Two top Senate Democrats are opening their own investigation of the U.S. Postal Service, aiming to explore whether changes to mail processing and delivery have prevented seniors, veterans and other patients from receiving their prescription drugs on time.

The new inquiry is the work of Sens. Elizabeth Warren (D-Mass.) and Robert P. Casey Jr. (D-Pa.), who issued a battery of letters to CVS, Walgreens and other top providers on Thursday to determine whether their customers had experienced delays in recent weeks. They cited public reporting and private correspondence with their constituents as they raised concerns that patients may have been forced to go without medication for weeks as a result of policies enacted under the watch of the Trump administration.

“Millions of Americans with diabetes, high blood pressure and heart disease, asthma, and other chronic conditions, illnesses or health care needs rely on the USPS for delivery of their prescription drugs and are at grave risks if President Trump’s efforts to degrade mail service results in delays and disruptions,” they wrote. “These health threats are magnified by the ongoing pandemic.”

The two Democrats directed their letters to Cigna Corp., which owns Express Scripts; CVS Health; UnitedHealth Group, which owns OptumHealth; Humana; and the parent company for Walgreens and Duane Reade. They asked them to supply information about the number of customers receiving their prescriptions by mail, the average time it takes for them to be shipped and the extent to which recent Postal Service policy changes have introduced new delays for customers or costs to the companies.

The Postal Service declined a request for comment.

The lawmakers’ missive Thursday reflects the mounting frustration among Democrats with the USPS and its leader, Postmaster General Louis DeJoy, a fury likely to be laid bare when he and Robert M. Duncan, the leader of the Board of Governors that oversees the Postal Service, testify in front of lawmakers at hearings that will begin Friday.

DeJoy, who has led the agency since mid-June, enacted broad operational changes to return the Postal Service to solvency — it’s carrying $160.9 billion in debt, most of which is connected to retiree obligations — amid declines in mail volume. But his cost-cutting campaign ultimately reduced postal workers’ hours and overtime and in some cases resulted in the removal of mail-sorting machines at post offices nationwide, sparking a political outcry.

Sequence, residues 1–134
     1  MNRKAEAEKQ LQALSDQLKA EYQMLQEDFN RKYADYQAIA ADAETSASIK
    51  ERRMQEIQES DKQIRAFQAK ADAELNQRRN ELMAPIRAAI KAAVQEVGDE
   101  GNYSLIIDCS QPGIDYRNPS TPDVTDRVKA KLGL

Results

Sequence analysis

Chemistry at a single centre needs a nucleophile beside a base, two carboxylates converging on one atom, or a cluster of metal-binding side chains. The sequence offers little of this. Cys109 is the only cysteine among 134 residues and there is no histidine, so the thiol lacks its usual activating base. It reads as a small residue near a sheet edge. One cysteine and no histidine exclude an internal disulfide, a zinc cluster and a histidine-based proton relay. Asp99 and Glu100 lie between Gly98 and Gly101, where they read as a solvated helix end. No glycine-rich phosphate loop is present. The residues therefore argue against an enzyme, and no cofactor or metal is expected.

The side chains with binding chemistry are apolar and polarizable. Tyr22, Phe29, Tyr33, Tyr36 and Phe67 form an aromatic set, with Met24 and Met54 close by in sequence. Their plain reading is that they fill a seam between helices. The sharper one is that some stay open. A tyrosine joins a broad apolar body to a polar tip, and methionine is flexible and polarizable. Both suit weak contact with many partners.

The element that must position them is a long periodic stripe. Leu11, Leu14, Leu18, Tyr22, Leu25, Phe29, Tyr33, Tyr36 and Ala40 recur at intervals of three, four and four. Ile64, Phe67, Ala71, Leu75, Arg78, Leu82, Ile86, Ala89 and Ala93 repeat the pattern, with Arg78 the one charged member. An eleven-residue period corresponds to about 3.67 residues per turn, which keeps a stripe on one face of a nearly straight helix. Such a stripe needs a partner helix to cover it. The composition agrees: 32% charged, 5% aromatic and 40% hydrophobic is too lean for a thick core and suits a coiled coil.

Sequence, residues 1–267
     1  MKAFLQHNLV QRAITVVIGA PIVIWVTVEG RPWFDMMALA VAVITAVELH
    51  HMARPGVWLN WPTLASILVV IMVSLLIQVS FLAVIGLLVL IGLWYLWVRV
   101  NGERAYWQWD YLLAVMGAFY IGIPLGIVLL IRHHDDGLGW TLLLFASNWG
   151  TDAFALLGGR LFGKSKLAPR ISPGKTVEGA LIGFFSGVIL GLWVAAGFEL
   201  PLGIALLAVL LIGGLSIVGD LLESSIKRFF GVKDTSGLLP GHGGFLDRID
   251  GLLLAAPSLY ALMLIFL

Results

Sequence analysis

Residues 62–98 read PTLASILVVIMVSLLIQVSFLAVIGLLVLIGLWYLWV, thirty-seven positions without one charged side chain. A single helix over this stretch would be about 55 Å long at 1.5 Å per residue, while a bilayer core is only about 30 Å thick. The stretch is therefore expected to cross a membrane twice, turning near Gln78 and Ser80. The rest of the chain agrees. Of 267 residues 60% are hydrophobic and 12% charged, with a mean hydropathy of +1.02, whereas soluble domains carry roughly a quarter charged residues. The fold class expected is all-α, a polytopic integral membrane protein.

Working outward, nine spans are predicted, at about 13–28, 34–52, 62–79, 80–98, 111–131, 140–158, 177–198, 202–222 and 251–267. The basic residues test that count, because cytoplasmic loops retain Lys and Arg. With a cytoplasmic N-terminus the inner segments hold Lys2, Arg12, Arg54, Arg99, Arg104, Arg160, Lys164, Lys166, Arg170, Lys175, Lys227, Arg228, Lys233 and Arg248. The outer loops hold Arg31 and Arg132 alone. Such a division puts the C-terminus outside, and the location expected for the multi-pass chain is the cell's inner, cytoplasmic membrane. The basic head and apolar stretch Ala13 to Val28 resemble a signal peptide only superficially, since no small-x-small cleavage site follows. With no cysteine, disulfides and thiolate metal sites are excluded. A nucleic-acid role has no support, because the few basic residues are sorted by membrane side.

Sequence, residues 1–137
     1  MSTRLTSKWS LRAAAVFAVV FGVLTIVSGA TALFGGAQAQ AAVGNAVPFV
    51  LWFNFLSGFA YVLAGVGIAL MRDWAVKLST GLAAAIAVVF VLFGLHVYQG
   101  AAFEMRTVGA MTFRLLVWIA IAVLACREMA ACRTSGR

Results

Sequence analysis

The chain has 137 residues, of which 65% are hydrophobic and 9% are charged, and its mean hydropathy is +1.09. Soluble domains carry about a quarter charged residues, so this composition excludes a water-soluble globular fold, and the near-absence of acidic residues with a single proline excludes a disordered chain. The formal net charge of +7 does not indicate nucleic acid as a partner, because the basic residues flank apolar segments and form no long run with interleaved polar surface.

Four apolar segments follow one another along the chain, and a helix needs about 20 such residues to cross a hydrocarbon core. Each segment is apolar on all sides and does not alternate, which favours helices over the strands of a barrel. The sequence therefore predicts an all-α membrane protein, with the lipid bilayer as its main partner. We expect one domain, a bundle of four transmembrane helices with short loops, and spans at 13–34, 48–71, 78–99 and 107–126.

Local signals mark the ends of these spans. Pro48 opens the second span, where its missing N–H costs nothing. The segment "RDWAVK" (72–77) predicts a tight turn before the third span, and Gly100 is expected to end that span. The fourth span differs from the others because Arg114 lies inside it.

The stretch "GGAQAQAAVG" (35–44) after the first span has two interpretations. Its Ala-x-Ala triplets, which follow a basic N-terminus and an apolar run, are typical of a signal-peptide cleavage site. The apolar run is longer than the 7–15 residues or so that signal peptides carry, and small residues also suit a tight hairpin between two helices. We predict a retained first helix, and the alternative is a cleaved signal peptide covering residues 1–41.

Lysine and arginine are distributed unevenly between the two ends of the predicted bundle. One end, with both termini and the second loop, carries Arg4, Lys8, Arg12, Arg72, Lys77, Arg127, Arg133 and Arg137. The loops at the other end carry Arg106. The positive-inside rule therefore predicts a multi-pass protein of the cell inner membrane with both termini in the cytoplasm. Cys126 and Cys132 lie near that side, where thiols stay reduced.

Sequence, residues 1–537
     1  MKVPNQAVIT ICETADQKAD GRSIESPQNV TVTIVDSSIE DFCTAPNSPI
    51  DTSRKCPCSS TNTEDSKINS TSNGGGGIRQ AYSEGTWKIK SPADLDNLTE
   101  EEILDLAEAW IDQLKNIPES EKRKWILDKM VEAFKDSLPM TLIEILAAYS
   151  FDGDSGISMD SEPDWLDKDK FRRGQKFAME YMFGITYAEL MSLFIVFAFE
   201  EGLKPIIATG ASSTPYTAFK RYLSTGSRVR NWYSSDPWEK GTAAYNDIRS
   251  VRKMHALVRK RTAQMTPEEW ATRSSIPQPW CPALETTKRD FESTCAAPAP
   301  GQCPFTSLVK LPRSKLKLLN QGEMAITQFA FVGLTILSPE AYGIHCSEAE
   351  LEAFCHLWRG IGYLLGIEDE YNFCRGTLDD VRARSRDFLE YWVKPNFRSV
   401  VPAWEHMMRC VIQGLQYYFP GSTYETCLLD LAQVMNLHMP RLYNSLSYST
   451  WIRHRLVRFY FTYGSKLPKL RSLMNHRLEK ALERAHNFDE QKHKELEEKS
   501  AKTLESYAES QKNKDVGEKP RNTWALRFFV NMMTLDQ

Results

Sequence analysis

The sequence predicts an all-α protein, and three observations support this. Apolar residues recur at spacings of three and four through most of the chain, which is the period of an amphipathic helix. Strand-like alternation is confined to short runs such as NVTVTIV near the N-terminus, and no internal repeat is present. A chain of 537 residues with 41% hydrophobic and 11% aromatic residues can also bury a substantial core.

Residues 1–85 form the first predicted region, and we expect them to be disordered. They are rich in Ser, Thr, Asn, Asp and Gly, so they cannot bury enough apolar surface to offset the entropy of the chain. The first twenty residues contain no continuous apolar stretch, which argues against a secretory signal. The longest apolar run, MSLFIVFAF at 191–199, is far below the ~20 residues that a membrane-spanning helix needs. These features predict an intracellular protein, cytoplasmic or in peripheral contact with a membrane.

Democrats in particular see the potential for a catastrophic logjam that could undermine the 2020 presidential election, when millions of Americans are expected to mail their ballots — as opposed to casting them in person — as a result of the coronavirus pandemic. The withering public pressure ultimately forced DeJoy this week to announce that he would suspend some of his measures, but many congressional Democrats say they remain unconvinced.

On Thursday, Warren and Casey called DeJoy’s commitments “vague” and fretted that the potential disruption to mail-order prescriptions comes at a time when the pandemic is forcing patients to take advantage of such deliveries instead of visiting their doctor’s offices or pharmacies in person.

Some national pharmacy chains have signaled that they have not actually been affected by some of the Postal Service’s new policies. Representatives for RiteAid, Express Scripts, CVS and Walgreens each said they have not experienced unusual disruptions, The Post reported earlier this week.

But their statements still contrast with the stories that have flooded social media in recent days from seniors and veterans nationwide. Casey in particular said his office has collected more than 15,000 messages about mail-delivery concerns, and he and Warren added in their letters Thursday that they had received additional reports about the effect on prescription drugs.